THANKS FOR THE HOSPITALITY, NOW PREPARE TO FIGHT
Just four days after returning from a three-week trip to China, Royce Lamberth, the chief judge of the U.S. District Court for the District of Columbia, published a massive 118-page opinion that keeps the Bank of China as a defendant in a civil terrorism suit.
On Oct. 20, Lamberth said the Bank of China, represented by K&L Gates, is not immune from suit in an April 2006 terrorist bombing in Tel Aviv, Israel, that killed several people in a restaurant. The plaintiffs, represented by Brooklyn, N.Y., solo practitioner Robert Tolchin, allege that the Bank of China knew millions of dollars in financial services with officers and agents for an alleged Palestinian foreign terrorist organization would be used to carry out attacks.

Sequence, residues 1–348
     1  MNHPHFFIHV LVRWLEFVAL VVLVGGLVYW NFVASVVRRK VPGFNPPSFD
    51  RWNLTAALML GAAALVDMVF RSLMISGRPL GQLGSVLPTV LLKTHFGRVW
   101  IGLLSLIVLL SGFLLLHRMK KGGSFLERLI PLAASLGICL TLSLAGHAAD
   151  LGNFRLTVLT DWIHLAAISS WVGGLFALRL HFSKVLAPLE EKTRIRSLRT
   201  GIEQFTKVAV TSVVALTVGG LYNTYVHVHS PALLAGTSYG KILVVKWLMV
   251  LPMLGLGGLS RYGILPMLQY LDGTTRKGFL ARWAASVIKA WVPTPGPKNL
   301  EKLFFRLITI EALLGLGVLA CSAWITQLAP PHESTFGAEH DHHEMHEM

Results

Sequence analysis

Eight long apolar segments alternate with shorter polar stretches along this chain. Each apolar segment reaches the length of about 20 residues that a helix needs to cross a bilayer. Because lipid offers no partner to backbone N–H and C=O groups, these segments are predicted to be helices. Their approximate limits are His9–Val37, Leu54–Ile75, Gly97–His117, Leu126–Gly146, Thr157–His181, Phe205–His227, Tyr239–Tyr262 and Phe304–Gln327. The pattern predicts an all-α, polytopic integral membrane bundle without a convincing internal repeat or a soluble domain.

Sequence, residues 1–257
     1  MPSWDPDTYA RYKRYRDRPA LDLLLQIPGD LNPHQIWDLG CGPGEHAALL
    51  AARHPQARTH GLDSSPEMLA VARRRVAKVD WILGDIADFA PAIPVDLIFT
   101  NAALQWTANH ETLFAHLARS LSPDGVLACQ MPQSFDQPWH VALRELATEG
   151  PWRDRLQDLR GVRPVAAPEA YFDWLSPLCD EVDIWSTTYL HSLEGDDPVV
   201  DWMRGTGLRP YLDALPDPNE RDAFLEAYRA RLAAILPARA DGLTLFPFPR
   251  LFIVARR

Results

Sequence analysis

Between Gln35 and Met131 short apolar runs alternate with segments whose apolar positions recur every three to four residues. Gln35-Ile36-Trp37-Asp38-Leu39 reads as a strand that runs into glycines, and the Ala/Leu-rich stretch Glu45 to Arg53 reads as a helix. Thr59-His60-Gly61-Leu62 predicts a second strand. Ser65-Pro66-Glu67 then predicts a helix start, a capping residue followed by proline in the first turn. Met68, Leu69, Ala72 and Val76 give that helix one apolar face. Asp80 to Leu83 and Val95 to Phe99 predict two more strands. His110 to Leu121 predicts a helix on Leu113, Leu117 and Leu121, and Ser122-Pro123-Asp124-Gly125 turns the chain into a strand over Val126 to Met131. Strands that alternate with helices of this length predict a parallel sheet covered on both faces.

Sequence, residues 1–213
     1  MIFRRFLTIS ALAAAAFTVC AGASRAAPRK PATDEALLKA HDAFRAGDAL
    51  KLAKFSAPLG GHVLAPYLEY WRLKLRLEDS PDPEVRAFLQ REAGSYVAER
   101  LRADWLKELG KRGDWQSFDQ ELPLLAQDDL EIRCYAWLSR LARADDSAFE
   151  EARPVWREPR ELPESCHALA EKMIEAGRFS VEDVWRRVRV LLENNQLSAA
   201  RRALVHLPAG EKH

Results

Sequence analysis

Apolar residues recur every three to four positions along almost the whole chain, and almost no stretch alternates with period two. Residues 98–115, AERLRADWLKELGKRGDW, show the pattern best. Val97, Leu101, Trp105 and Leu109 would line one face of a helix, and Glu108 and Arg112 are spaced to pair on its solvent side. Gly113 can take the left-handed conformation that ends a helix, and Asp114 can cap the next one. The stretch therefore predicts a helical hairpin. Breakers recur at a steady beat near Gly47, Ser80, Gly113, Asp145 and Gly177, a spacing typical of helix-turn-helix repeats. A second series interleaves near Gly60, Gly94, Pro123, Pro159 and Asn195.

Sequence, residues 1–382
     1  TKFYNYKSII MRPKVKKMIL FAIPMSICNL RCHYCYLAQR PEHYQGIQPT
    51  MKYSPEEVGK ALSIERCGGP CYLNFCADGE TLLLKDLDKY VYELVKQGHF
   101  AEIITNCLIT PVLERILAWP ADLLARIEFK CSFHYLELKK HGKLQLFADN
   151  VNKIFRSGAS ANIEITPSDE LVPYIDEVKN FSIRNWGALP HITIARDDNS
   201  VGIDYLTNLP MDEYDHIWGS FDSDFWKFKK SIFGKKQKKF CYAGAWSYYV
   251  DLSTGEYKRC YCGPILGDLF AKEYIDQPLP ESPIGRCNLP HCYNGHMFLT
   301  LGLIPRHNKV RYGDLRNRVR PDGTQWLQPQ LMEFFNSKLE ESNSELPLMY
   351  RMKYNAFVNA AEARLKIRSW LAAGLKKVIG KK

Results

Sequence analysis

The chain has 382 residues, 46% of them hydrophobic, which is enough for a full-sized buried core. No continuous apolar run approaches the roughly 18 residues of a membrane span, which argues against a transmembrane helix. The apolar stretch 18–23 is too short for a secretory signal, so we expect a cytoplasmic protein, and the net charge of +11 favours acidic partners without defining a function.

Was the trip to China a coincidence or a carefully planned research mission? Lamberth said he wasn’t working on the opinion while traveling, other than a few edits here and there. Rather, he said this was a vacation, and he was busy soaking up the culture.
Lamberth, who hadn’t been to China since 1970, said he rode a bullet train for the first time. He saw the life-size terra cotta warriors in Xian. A native of Texas, Lamberth said he had the best Big Mac in his life at a McDonald’s in Hong Kong. “It tasted just like home,” he said. Lamberth said he was most impressed with the booming economy with all the building, especially in Shanghai. He had his BlackBerry with him, but that was mostly used to keep up with the Washington Redskins and the University of Texas football team. — Mike Scarcella
BREUER ASSEMBLES TEAM FOR BANK PROBES